The Legal 500

Twitter Logo Youtube Circle Icon LinkedIn Icon

Pinsent Masons LLP

30 CROWN PLACE, LONDON, EC2A 4ES, ENGLAND
Tel:
Work 020 7418 7000
Fax:
Fax 020 7418 7050
Email:
Web:
www.pinsentmasons.com

Pinsent Masons is an international law firm that likes to do things differently. The business is built around the needs of its clients across five global sectors: energy, infrastructure, financial services, real estate, and advanced manufacturing and technology. Because the firm knows those sectors inside out, it is able to innovate with, and for, its clients to deliver modern solutions to complex challenges. In recent years, Pinsent Masons has achieved more Tier 1 rankings in The Legal 500 UK than any other firm, been named the most innovative law firm in Europe by The Financial Times and simultaneously held the ‘Law Firm of the Year' award from Legal Business and Legal Week. The firm has more PLC clients than almost any other law firm in the UK.

The firm: With over 1,500 lawyers operating from 23 locations throughout the UK, Europe, Asia Pacific, Africa and the Middle East, Pinsent Masons is well-placed to advise on complex multi-jurisdictional matters across a full range of legal disciplines.

Type of work undertaken: The firm has significant international credentials in the global energy, infrastructure, financial services and advanced manufacturing and technology sectors. In the UK, it also conducts market-leading work in sectors including real estate, government, retail, universities and higher education.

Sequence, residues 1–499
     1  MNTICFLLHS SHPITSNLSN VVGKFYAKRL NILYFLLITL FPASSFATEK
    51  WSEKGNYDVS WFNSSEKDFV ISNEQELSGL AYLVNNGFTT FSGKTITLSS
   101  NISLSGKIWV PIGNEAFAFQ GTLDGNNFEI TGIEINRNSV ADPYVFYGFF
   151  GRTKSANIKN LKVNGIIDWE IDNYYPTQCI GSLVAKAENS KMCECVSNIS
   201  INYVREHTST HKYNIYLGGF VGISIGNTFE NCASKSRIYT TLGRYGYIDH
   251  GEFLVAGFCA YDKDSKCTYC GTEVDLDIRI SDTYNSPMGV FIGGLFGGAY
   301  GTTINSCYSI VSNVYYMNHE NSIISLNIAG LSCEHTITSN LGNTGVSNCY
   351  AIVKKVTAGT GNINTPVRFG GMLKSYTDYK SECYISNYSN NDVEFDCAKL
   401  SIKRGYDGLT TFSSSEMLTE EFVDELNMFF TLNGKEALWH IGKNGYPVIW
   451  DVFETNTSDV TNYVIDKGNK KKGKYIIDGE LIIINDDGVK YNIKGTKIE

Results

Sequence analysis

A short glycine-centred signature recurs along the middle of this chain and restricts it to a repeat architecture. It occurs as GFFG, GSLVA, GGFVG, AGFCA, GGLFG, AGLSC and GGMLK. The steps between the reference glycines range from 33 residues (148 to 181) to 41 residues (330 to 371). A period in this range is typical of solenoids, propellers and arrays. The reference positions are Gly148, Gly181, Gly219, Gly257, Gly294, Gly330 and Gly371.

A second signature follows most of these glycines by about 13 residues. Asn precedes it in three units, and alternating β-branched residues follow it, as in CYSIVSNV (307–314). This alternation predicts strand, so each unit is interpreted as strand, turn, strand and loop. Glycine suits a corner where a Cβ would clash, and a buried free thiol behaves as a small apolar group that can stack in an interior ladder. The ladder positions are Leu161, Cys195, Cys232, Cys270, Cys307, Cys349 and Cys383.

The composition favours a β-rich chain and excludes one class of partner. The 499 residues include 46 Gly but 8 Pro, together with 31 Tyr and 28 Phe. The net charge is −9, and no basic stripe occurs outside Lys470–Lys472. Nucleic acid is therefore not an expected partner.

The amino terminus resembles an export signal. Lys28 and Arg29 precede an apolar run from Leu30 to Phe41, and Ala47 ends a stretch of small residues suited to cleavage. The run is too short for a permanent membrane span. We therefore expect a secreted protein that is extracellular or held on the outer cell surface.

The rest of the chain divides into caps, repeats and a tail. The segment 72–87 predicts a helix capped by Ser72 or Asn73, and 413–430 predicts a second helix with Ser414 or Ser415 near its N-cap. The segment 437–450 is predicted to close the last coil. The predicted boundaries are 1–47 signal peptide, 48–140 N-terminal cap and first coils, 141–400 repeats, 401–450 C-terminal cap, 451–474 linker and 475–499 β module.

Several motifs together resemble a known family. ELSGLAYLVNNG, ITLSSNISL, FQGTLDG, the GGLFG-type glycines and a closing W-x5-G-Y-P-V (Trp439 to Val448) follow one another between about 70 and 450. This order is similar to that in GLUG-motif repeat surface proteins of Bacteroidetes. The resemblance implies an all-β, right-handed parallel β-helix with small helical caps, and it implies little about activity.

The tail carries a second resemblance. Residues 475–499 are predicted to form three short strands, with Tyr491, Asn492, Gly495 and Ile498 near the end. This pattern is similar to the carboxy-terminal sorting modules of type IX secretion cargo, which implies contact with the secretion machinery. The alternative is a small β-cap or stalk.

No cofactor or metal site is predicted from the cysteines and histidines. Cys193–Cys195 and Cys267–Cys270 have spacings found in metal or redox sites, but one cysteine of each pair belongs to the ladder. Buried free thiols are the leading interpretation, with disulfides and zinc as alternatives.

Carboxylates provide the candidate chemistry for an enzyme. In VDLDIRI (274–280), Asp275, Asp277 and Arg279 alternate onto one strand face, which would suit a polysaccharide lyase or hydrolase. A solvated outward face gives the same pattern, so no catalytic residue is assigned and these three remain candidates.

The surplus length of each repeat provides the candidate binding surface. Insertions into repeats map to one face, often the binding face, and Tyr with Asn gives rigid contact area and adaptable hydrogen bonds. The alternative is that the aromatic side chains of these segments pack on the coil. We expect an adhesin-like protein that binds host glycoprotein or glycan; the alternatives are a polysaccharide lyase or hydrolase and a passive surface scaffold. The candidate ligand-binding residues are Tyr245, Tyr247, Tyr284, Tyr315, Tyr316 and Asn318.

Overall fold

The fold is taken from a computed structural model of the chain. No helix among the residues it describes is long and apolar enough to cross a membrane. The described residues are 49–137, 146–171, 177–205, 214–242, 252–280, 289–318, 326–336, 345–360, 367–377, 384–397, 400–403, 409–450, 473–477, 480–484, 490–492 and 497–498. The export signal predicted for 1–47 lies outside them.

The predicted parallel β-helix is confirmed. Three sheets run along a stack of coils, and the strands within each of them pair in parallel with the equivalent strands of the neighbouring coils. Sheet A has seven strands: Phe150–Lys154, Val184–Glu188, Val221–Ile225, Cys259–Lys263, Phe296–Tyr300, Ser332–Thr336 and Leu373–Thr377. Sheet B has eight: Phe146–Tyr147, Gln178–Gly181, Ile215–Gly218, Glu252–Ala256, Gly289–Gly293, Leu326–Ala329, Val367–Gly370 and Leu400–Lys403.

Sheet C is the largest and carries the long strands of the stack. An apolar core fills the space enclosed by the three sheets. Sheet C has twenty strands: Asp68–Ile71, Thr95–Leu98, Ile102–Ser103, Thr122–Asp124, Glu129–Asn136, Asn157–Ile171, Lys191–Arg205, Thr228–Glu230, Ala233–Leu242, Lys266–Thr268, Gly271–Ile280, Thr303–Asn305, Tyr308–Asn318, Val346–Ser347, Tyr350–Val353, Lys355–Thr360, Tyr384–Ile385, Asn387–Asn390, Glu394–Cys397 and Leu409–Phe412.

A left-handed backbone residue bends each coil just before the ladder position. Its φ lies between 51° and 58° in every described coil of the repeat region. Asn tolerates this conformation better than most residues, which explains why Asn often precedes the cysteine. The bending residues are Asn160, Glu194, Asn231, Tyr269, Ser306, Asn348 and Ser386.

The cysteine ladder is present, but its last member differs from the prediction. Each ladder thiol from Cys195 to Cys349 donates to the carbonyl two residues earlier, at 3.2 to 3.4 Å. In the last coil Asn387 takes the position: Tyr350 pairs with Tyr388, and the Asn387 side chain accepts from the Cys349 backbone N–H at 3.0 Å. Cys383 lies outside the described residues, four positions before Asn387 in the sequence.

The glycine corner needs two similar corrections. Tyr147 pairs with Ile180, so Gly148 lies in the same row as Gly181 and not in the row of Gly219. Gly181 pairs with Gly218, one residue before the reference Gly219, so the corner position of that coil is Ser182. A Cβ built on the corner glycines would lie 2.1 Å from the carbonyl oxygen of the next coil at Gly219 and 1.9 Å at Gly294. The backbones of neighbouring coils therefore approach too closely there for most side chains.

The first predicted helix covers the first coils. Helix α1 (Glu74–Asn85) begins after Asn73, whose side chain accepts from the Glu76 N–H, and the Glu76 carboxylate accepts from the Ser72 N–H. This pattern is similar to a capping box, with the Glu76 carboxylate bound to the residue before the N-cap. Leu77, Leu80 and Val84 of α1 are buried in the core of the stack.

Services provided across these sectors include corporate and M&A, commercial, competition, litigation and arbitration, banking, restructuring, insurance, regulatory, construction, projects, pensions, property, planning and environmental, procurement, outsourcing, employment, share plans, technology and tax advice.

Pinsent Masons stands out in particular for its innovative approach to service delivery. For example, the firm operates a hub of freelance lawyers, called Vario, and has also developed Cerico, a cloud-based regulatory compliance solution. It has developed long-term service agreements, often referred to as ‘sole adviser’ relationships, with a number of blue-chip organisations.

Other offices: Aberdeen, Beijing, Belfast, Dubai, Düsseldorf, Edinburgh, Hong Kong, Istanbul, Johannesburg, Madrid, Melbourne, Munich, Paris, Qatar, Shanghai, Singapore, Sydney.

  • Number of UK partners (including legal directors): 380 approx
  • Number of other UK fee-earners: 1,300+

Above material supplied by Pinsent Masons LLP.

Legal Developments in the UK

Legal Developments and updates from the leading lawyers in each jurisdiction. To contribute, send an email request to
  • Court of Justice rules on source of income for Derivative Residence applications

    On 2 October 2019, the Court of Justice delivered its judgment in Bajratari v Secretary of State for the Home Department (Directive 2004/38/EC) Case C-93/18 which concerns Chen applications and the source of funds for self-sufficiency. 
  • End of the ‘centre of life test’ in Surinder Singh cases?